Raghuram Rajan

Claire Jones

For those who have followed the scrap between Raghuram Rajan, governor of the Reserve Bank of India, and his counterparts at the European Central Bank and the Federal Reserve on the ill-effects of Fed tapering, Benoît Cœuré’s thoughtful speech today is worth a read.

In Mr Rajan’s view, the way the Fed conducts its monetary policy is irresponsible. The US central bank acts merely on the basis of national interest, with scant regard for the ramifications of mass dollar printing in a world where the dollar remains the dominant reserve currency.

These attacks have usually been parried with remarks that central banks such as the Fed (and, given its role as issuer of the only other real reserve currency, the ECB) have little choice but to act within the national interest given the scope of their mandates. From Mr Coeure’s boss Mario Draghi earlier this year:

Draghi: Mr Rajan is really an excellent economist. What one would have to demonstrate to speak of selfishness is the following. One would have to show that monetary policy actions within the United States, the ECB and so on were decided for reasons other than for the sake of the mandate and that, as a result, they were harmful to other countries. As I said, the priority for all of us is compliance with our mandate, which for us is maintaining price stability and for the Federal Reserve Board is the dual mandate.

Mr Cœuré’s speech is interesting as, while he does not go so far as to side with Mr Rajan, he is not so intellectually dishonest as to say that all is fine with the pre-crisis orthodoxy. In short, this said that if everyone just sticks to their inflation targeting mandate and flexible exchange rates everything will be just great. Read more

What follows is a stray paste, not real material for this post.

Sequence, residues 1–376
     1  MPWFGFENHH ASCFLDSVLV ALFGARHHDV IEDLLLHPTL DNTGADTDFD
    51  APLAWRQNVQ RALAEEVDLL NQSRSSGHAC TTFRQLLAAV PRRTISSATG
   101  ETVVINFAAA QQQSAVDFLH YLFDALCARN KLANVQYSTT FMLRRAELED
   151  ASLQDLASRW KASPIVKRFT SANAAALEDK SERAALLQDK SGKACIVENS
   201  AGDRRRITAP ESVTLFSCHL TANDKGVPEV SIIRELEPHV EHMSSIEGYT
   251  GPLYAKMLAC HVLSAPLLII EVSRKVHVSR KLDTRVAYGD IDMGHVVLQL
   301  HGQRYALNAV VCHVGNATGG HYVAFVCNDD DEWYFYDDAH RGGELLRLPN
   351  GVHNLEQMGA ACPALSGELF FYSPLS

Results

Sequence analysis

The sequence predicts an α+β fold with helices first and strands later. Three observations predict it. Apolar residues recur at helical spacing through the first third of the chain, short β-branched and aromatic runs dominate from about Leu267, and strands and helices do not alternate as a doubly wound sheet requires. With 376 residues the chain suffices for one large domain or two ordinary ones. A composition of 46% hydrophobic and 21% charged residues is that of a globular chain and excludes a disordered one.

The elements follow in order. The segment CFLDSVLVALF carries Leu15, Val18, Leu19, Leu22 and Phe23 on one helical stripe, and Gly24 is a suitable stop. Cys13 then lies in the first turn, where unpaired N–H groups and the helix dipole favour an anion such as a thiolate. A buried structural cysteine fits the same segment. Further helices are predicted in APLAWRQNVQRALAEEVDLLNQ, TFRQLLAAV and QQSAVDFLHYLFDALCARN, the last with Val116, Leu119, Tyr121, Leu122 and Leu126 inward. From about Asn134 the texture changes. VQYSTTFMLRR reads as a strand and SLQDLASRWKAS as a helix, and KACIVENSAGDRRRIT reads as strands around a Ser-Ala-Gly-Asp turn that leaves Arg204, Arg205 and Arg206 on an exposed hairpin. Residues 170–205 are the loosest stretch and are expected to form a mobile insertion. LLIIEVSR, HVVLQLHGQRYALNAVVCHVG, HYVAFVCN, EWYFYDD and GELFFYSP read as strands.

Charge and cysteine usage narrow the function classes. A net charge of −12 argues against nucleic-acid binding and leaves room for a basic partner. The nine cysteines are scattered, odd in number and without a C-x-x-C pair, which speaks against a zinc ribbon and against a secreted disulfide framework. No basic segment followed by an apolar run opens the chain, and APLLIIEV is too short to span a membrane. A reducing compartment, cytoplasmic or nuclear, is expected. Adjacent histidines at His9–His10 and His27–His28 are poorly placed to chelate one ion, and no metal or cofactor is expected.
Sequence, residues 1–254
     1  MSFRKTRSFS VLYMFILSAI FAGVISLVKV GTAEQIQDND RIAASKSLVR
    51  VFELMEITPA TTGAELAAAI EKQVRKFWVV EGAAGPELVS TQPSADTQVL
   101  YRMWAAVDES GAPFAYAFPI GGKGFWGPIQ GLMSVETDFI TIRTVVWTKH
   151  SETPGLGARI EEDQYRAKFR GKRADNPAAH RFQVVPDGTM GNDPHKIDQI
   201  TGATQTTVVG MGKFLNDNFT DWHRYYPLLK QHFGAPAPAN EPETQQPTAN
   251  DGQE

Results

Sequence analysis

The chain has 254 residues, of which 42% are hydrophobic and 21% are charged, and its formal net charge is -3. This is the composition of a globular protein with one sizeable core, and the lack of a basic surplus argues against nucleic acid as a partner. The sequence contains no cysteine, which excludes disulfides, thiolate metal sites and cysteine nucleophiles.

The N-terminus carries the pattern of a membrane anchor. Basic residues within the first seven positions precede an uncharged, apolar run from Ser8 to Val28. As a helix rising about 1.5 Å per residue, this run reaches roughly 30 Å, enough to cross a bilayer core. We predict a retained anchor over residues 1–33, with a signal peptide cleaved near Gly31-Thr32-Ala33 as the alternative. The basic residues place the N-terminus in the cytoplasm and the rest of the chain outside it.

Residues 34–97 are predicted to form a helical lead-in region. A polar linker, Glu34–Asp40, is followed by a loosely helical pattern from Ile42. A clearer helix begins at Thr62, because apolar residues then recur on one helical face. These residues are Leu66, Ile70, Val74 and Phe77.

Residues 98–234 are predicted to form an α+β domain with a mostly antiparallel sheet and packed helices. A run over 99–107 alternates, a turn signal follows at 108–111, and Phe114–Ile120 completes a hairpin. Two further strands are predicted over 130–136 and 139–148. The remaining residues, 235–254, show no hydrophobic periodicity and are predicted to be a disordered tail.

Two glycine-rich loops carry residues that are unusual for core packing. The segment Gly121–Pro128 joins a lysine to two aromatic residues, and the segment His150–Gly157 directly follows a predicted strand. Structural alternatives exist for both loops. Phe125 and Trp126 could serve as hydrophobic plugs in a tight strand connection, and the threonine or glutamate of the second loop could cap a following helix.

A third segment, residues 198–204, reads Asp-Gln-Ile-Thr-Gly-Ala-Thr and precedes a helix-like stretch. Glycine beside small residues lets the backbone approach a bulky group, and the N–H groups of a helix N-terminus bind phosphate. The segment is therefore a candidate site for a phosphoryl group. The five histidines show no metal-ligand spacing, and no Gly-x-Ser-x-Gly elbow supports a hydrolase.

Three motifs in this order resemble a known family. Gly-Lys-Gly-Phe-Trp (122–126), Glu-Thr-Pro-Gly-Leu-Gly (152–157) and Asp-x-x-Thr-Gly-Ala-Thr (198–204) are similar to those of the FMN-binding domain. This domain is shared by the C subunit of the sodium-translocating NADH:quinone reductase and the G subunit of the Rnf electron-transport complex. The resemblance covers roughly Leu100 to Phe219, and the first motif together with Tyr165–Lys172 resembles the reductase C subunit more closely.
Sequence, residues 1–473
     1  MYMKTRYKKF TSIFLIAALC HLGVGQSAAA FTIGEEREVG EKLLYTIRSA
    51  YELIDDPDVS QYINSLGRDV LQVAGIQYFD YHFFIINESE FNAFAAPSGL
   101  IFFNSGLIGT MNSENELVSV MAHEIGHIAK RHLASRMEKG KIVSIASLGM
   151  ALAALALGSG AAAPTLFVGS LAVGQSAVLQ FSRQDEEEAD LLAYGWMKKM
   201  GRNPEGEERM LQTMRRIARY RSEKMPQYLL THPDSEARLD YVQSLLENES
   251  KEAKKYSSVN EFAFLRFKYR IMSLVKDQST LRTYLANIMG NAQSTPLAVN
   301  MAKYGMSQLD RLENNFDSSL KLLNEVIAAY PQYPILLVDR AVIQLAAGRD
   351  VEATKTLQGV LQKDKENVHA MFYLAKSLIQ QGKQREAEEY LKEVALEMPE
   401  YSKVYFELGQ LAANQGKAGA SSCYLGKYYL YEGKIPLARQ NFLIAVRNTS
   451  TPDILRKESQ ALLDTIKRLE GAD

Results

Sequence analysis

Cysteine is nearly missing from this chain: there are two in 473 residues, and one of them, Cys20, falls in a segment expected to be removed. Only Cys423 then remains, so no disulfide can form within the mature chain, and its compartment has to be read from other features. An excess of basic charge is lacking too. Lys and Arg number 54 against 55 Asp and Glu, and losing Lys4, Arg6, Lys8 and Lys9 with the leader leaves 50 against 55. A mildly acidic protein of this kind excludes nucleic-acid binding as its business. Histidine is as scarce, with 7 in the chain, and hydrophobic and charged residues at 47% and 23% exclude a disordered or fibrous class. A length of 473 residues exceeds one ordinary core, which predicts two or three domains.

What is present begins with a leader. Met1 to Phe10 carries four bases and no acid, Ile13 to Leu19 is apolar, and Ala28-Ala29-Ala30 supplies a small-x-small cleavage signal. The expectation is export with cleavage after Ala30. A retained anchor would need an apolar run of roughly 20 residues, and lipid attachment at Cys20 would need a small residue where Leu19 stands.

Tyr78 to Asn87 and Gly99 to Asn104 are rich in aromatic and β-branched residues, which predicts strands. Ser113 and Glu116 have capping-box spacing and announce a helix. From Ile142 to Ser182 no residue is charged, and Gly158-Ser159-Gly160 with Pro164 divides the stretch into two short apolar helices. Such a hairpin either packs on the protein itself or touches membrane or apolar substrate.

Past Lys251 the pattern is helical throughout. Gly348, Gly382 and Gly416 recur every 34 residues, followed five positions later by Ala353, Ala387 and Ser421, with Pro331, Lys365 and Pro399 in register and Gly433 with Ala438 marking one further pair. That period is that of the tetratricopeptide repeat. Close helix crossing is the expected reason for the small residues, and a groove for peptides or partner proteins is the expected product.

Claire Jones

St Peter's Square. Image by Getty.

St Peter's Square. Image by Getty.

Tired of all the talk of currency wars, the Holy See wants peace.

The Vatican this week called for G-20 leaders, meeting in Cannes early next month, to set up a global central bank. The Pontifical Council for Justice and Peace’s statement is only available in Italian but here’s an article from the Telegraph:

Such an authority would have “universal jurisdiction” over governments’ economic strategies.

Existing financial situations such as the World Bank and International Monetary Fund were outdated and no longer able to deal with the scale of the global financial crisis, which had exposed “selfishness, greed and the hoarding of goods on a grand scale”.


The global financial system was riddled with injustice and failure to address that would lead to “growing hostility and even violence”, which would undermine democracy.

The church’s call for action is not dissimilar to a point made by some of the world’s leading economists. Read more